The U.S. Court of Appeals for the Seventh Circuit recently held that an employer's refusal to offer an employee a two- or three-month medical leave of absence following his exhaustion of his Family Medical Leave Act (FMLA) entitlement was not a violation of the Americans with Disabilities Act (ADA), affirming the dismissal of the plaintiff's ADA claim on summary judgment. Severson v. Heartland Woodcraft, Inc., No. 15-3754 (7th Cir. Sep. 20, 2017). Employers considering requests for leaves of absence may find the court's reasoning instructive in assessing the limits of what may be a "reasonable accommodation" required by the law.
The Employee's Request for Leave
In Severson v. Heartland Woodcraft, Inc., the employee suffered a back injury that led him to take an FMLA leave. On the expiration date of his 12 weeks of FMLA leave, he underwent back surgery. Two weeks prior to his surgery, he had informed his employer of his intended surgery and the typical two-month recovery time required following surgery. His employer terminated his employment upon the expiration of his FMLA leave, and invited the employee to reapply for employment when he had recovered and was medically cleared to work. He was medically cleared to resume his work duties three months after his surgery. He never reapplied for employment, but instead initiated a lawsuit, claiming that the employer had discriminated against him in violation of the ADA by failing to accommodate his disability.
Protections Afforded by the ADA
The fundamental premise of the Severson decision is, "The ADA is an antidiscrimination statute, not a medical-leave entitlement." Slip op. at 2. It prohibits discrimination against "a qualified individual on the basis of disability" (42 U.S.C. §§12101 et seq.) where a "qualified individual" is a person with a disability who, "with or without reasonable accommodation, can perform the essential functions of the employment position." Id. §12111(8). The court concluded that an employee who requires a long-term medical leave is unable to perform the functions of his job during his leave and is, thereby, not a "qualified person" under the ADA. Slip op. at 2 (citing Byrne v. Avon Prods., Inc., 328 F.3d 379, 381 (7th Cir. 2003).
An employee is unable to perform his job duties while on a multimonth leave of absence. Therefore, a multimonth leave cannot be a reasonable accommodation. The Seventh Circuit reiterated its holding in Byrne, stating "an extended leave of absence does not give a disabled individual the means to work; it excuses his not working." Slip op. at 7.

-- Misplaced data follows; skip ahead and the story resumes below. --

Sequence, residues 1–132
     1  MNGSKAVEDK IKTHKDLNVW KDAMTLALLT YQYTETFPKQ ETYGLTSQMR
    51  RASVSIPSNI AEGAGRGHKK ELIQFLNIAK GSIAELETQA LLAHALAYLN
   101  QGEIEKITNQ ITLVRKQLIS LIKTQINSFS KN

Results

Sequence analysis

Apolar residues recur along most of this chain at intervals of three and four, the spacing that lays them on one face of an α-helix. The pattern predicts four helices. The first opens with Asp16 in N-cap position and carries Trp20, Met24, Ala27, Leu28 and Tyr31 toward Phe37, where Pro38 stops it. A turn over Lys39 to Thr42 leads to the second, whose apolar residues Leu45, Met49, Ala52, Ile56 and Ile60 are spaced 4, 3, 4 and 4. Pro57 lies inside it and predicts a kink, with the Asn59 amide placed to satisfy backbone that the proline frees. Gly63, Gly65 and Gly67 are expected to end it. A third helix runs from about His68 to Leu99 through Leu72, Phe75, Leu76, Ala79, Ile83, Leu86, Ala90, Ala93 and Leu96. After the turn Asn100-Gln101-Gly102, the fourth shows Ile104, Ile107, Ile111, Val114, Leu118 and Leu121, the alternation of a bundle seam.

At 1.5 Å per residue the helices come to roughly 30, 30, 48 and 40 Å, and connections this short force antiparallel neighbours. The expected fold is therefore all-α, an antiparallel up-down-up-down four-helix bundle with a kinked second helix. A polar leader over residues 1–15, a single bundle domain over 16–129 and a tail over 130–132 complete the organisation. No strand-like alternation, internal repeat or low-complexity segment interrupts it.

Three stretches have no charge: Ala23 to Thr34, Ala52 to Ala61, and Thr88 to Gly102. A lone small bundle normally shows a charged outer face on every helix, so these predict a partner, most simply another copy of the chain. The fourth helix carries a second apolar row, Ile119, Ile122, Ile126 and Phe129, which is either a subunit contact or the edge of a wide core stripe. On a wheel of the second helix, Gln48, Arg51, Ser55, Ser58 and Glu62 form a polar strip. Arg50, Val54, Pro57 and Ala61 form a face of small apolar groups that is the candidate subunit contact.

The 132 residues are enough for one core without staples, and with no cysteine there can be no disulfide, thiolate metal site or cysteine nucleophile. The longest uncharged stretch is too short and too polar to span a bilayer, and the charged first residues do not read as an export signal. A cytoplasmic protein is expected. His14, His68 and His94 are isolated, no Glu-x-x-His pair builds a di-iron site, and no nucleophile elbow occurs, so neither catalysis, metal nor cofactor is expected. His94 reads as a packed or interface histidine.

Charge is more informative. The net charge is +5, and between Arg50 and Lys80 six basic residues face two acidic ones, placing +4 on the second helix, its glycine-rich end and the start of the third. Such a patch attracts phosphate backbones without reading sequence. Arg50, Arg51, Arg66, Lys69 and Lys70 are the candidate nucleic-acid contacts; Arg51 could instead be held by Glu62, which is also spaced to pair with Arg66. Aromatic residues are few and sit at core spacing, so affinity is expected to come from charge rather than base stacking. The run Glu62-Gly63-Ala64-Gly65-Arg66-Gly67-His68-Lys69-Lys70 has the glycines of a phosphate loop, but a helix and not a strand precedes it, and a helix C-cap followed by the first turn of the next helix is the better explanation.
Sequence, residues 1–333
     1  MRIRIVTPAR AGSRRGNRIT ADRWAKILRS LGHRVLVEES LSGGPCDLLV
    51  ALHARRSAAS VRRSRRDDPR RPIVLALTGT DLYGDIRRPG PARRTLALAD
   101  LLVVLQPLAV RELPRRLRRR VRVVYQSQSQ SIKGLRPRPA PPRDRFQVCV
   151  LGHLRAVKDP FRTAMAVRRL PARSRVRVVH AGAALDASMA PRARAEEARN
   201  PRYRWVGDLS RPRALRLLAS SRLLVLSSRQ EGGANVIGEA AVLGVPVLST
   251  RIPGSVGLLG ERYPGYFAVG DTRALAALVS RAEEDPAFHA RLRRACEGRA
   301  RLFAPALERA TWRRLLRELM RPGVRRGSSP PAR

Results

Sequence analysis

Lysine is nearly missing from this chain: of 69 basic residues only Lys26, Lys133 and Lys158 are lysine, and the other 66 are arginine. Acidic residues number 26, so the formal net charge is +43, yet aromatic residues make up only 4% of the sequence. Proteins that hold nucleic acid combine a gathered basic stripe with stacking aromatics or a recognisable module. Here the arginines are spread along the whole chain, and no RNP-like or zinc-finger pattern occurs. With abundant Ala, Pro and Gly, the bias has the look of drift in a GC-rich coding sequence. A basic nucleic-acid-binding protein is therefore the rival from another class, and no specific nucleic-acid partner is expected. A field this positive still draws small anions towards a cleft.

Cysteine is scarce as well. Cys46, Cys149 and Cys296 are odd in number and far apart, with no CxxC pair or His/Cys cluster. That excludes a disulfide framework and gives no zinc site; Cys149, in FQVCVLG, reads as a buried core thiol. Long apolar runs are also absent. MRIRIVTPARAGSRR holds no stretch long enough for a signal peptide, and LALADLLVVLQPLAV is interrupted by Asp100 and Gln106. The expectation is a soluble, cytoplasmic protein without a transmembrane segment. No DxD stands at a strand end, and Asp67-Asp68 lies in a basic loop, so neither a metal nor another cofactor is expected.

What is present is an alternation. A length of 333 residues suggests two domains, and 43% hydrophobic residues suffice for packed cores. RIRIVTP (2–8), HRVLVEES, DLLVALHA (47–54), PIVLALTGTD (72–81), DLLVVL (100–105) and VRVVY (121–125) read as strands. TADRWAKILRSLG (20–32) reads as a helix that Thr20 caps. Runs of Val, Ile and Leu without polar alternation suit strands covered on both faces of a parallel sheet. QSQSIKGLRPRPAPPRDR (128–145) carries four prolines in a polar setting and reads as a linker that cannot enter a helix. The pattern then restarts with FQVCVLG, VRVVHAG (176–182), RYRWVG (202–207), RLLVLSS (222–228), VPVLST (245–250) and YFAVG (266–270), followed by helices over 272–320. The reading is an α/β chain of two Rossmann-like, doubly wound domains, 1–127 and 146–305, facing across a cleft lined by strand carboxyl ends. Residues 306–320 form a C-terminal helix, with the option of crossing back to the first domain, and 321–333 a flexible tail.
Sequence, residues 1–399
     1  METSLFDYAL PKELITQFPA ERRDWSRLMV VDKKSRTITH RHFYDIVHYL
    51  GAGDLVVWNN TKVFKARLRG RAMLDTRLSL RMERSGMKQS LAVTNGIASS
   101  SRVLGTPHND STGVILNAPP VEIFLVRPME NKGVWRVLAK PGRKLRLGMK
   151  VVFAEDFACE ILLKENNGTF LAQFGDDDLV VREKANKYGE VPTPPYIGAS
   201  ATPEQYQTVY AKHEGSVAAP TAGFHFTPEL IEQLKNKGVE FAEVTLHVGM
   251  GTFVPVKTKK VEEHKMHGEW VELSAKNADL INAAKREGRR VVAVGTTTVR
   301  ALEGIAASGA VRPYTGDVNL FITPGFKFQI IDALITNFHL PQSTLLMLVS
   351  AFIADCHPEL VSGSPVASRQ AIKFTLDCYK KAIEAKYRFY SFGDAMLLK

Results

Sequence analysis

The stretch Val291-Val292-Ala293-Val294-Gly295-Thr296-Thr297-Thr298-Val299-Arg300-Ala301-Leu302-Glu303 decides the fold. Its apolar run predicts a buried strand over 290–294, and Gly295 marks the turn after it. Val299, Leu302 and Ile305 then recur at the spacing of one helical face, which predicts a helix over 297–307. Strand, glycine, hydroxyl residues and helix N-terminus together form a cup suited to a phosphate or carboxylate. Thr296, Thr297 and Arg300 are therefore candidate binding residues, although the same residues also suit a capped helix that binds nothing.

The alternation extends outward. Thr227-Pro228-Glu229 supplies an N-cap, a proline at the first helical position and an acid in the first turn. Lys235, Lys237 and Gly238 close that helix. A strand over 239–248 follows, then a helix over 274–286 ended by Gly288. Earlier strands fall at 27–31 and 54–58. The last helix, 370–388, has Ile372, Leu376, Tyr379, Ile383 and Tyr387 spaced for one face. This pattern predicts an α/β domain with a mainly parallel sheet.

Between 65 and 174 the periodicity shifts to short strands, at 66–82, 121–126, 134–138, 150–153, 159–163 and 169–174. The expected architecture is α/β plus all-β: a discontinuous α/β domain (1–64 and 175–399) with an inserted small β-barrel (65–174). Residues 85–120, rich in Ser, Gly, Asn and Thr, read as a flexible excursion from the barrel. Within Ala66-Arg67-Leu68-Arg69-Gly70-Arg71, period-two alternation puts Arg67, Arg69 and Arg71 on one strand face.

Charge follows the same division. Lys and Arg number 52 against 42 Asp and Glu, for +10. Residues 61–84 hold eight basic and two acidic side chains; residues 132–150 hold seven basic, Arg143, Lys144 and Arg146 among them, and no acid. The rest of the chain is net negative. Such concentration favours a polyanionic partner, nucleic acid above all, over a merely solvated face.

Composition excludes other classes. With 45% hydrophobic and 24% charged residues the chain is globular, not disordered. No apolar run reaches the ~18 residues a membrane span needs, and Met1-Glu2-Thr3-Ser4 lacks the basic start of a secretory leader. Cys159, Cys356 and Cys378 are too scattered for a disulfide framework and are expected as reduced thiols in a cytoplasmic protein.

The court did leave open the possibility that, in certain circumstances, a brief period of leave to deal with a medical condition could be a reasonable accommodation, such as for intermittent conditions that prevent an employee from doing their jobs for several days or perhaps weeks (not months) at a time. Id. at 8. The court analogized those types of circumstances to providing a part-time or modified work schedule, which are spelled out in the ADA as examples of appropriate "reasonable accommodations." Id., citing 42 U.S.C. §12111(9)
Return to Work
The Seventh Circuit explicitly rejected the U.S. Equal Employment Opportunity Commission's (EEOC) argument, made in an amicus curiae brief, that a long-term medical leave of absence should qualify as a reasonable accommodation when the leave is 1) of a definite, time-limited duration, 2) requested in advance and 3) likely to enable the employee to perform the essential job functions when he returns. The court concluded that such a reading, which does not consider the length of the absence at all, only the ability to return to work at its end, to improperly equate a "reasonable" accommodation with an "effective" accommodation. That approach is contrary to the Supreme Court's decision in U.S. Airways, Inc. v. Barnett, 535 U.S. 391, 400 (2002), which observed that an effective accommodation could prove unreasonable.
Guidance for Employers
Employers remain under an obligation to consider the individual circumstances of each request for accommodation made by their employees. However, employers in Illinois, Wisconsin and Indiana, in particular, may now make their assessments with an understanding of the one-month "cap" required of them in terms of requests for leaves of absence. Employers in other parts of the country may consider this decision as guidance for how to address the proposed reasonableness of employee requests for leave.